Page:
7x50min episodes. While still the Prince of Wales, the future Edward VIII meets the married American socialite, Wallis Simpson. Their relationship causes furor in the palace and in ... See full summary »
In 1936, Edward VIII abdicated in order to marry the woman he loved, Wallis Simpson, a twice divorced American. These events caused a scandal around the world and Wallis has since been ... See full summary »
The life of Edward VII (1841 - 1910), the King of the United Kingdom. Before becoming the king he developed a reputation of a playboy which angered his mother, Queen Victoria. He was a reformer and modernizer, but also an elitist.
Fred and Lilly are a divorced pair of actors who are brought together by Cole Porter who has written a musical version of The Taming of the Shrew. Of course, the couple seem to act a great ... See full summary »
Francis Urquhart is the chief whip of the Conservative party. When Margaret Thatcher resigns as leader, he remains neutral and after a general election where the conservatives are returned ... See full summary »
Sixteen years after the presumed deaths of the two boy princes held captive in the Tower, Perkin Warbeck makes his claim to the throne as the rightful King Richard. Did the younger brother ... See full summary »
7x50min episodes. While still the Prince of Wales, the future Edward VIII meets the married American socialite, Wallis Simpson. Their relationship causes furor in the palace and in parliament, especially when King George V dies, Mrs. Simpson gets divorced, and King Edward announces his intentions to marry her. Written by
Baldwin's Crowning Achievement - Which We Should Thank Him For
There was a time that the abdication of King Edward VIII in December 1936 was considered one of the most romantic and beautiful gestures of modern times. After all, the ruler of the greatest empire in modern time gave it away willingly because he could not rule comfortably without the love and assistance of the woman he loved. It certainly is a beautiful gesture.
But the truth was uglier. Frances Donaldson wrote the biography that was the basis of this series, and showed that the good natured Prince of Wales was a lightweight in terms of understanding the key to modern British monarchy - public service comes first. As titular head of the Church of England, Edward had a moral obligation of setting a good example. It was accepted that he (like his grandfather Edward VII) could have a girl friend who might have a current husband, or could not legally marry the ruler. Edward VII understood this. He and Alice Keppel had a close, long standing affair (as he had prior to her with Daisy, Countess of Warwick, Lily Langtry, and others). But he always returned to his wife Alexandra. Edward could not understand this, and instead of keeping the twice divorced Wallis Warfield Simpson as his girlfriend, he decided to marry her. Seventy years later one might see this done - Edward's grandnephew Charles has just married his long time girlfriend Camilla Parker-Bowes. But Charles first wife Diane has been dead seven years. Even now however, many people are disappointed by Charles behavior.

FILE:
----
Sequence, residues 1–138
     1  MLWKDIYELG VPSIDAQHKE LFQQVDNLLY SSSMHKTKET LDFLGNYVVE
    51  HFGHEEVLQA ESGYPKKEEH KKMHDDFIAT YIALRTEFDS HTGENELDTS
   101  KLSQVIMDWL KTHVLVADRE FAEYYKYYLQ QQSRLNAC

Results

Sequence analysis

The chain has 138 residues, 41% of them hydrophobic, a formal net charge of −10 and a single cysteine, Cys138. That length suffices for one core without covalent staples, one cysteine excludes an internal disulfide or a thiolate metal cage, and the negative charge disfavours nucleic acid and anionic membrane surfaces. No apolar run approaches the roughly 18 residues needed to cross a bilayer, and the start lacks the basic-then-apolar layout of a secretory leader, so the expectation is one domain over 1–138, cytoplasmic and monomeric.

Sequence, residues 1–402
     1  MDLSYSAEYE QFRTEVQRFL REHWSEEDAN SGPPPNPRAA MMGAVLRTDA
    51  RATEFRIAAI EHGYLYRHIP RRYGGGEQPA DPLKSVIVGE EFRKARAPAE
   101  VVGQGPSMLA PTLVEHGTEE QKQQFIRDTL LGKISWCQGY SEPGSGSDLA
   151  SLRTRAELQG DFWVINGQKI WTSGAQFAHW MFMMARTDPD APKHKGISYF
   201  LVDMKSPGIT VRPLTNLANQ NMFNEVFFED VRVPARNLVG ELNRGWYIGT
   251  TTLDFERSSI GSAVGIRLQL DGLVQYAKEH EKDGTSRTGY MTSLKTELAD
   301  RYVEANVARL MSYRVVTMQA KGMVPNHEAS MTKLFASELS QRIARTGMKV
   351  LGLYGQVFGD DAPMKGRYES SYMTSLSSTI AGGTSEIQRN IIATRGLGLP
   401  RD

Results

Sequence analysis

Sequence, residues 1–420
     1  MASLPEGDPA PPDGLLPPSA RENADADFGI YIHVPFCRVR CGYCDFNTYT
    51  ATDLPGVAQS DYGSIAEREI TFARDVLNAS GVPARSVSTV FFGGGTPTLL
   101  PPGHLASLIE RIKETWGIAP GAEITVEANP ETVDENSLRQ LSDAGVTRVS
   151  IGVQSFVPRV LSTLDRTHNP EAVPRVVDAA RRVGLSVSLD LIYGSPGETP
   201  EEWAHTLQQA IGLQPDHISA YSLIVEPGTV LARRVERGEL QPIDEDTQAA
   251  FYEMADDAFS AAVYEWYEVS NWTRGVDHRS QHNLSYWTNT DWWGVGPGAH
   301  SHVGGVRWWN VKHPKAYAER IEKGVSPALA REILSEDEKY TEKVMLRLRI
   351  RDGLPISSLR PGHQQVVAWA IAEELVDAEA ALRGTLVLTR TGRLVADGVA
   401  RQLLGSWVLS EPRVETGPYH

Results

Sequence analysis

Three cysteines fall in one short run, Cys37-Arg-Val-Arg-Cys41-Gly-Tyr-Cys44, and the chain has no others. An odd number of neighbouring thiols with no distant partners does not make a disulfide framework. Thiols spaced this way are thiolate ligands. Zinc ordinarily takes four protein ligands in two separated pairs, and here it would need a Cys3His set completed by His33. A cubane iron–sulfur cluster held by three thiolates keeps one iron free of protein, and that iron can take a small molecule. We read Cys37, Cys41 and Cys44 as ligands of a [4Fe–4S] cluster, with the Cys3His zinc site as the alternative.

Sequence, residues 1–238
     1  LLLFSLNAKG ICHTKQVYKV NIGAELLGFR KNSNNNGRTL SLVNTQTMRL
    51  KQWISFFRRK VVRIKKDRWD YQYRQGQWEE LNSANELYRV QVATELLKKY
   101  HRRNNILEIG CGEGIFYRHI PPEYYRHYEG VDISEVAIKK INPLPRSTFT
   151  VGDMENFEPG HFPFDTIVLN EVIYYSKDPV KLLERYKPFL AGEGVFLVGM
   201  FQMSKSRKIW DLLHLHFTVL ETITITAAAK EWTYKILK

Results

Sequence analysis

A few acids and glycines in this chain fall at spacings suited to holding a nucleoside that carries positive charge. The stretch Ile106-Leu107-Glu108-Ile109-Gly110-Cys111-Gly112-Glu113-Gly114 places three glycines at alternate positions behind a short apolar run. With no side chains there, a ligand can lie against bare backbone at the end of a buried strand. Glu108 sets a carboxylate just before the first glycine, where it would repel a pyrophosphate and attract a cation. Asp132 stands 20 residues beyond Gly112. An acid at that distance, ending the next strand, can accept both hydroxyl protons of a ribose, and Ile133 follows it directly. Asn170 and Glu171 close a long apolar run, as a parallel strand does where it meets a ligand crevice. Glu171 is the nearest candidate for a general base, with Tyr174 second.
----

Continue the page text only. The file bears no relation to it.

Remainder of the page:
What Donaldson brought out was that Edward was too pro-German. He was willing to let bygones be bygones, but he went beyond that by attending meetings with German war veterans. Later he openly was friendly to Nazi leaders like Hitler and Goering. During World War II, although in the Bahamas, he attracted many Nazi supporters there, and he may have botched the investigation into the murder of Sir Harry Oakes because of Nazi involvement.
Enter the Prime Minister, Stanley Baldwin. He was usually involved in normal political matters, but the King's demands to wed Mrs. Simpson brought about a political crisis...one that Baldwin loathed. He was fully sick of the reason for this crisis and he did not like the young monarch, who seemed more attuned to taking long vacations than doing his job as monarch. Baldwin certainly distrusted Edward's liking for Germany and it's regime. So he stage managed (beautifully, by the way) the refusal of most of the leading portions of the Empire/Commonwealth of any marriage. Australia, Canada, both Irelands, India, South Africa all rejected the marriage for moral reasons (New Zealand actually supported the King). He managed to keep the story out of British papers (outside of Britain everyone was aware of it). Then the Archbishop of Canterbury learned of it, and all hell broke loose. Wallis urged her lover to forget the whole matter for the time. Edward refused, and gave away the throne. His brother George would turn out to be a better King, and one not in love with Germany.
Edward Fox and Cynthia Harris were very good as Edward and Wallis. David Waller, a British character actor - usually in comedies - played Baldwin as he should be played, as a cagey customer who by getting rid of the King helped the Allied cause immeasurably. Peggy Ashcroft as the Queen is excellent too. If they show it again you should catch it.
25 of 28 people found this review helpful.
Was this review helpful to you?